Summary: Players will rock out, or smoothly strum, on the lower screen of the Nintendo DS system, producing an authentic sound digitally remastered from an actual acoustic guitar. The simple interface will guide players into the various easy-to-play modes which include: Performance Mode, allowing users to...
Conclusion: The customisation features in Jam Sessions are fairly deep and go as far as allowing you to morph the sound of the guitar to create the required effect, such as adding distortion, reverb, chorus, low/high pass, tremolo and more by using sliders.
Excerpt: When the concept of Jam Sessions was made public, the possibilities seemed endless. Creating your own music is a daunting task, but only limited by your own imagination. Plato developed this virtual guitar game and is marketing it to professional musicians.
Excerpt: When the DS first came out, there was this music program called Electroplankton and it was demoed by some well known DJ in the UK at a press conference. I don’t know his name, but I remember the performance. This video had the DJ’s equipment set up nice and ready to groove.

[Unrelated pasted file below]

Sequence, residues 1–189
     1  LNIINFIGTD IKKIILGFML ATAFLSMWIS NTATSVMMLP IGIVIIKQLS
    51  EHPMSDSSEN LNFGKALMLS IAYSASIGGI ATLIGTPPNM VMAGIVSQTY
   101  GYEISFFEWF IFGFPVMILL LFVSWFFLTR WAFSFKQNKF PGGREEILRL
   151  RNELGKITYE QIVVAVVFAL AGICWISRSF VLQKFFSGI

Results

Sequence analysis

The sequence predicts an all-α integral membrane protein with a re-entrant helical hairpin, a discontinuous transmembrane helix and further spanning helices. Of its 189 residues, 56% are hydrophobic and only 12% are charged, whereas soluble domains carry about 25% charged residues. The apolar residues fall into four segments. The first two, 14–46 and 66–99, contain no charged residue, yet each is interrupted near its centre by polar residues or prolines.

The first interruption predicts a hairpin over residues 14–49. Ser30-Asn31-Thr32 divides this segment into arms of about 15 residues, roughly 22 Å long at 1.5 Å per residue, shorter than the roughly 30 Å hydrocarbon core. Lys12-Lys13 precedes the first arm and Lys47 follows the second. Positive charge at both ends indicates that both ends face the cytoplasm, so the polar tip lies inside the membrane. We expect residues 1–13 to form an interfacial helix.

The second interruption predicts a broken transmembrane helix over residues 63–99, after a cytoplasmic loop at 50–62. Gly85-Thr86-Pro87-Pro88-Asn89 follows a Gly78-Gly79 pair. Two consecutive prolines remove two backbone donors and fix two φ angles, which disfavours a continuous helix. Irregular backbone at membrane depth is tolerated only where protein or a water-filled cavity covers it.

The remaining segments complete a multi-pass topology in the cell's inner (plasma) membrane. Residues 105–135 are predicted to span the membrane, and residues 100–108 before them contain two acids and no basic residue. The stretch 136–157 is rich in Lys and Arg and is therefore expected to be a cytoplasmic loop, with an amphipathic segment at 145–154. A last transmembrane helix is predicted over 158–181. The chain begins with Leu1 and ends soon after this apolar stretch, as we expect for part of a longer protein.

Excerpt: Name: Jam Sessions Genre: Simulation Platform: Nintendo DS Jam Sessions isn’t a game in the same way that Halo or Mario Kart are games. Hell, it isn’t even a game in the way Guitar Hero is a game. Jam Sessions is a guitar on the Nintendo DS.
Conclusion: As you've probably guessed by now, Jam Sessions lacks the certain intangibles that are required to have a proper game, and by doing so hinders the game’s value in such a way that it’s probably not even worth your money. There is no score, no multiplayer, certainly no objective.
Excerpt: With Guitar Hero and Ouendan universally recognised as two of the most refreshing titles of the last five years, and with Rock Band and Samba De Amigo Wii on the horizon, rhythm-based music games have never been in greater demand.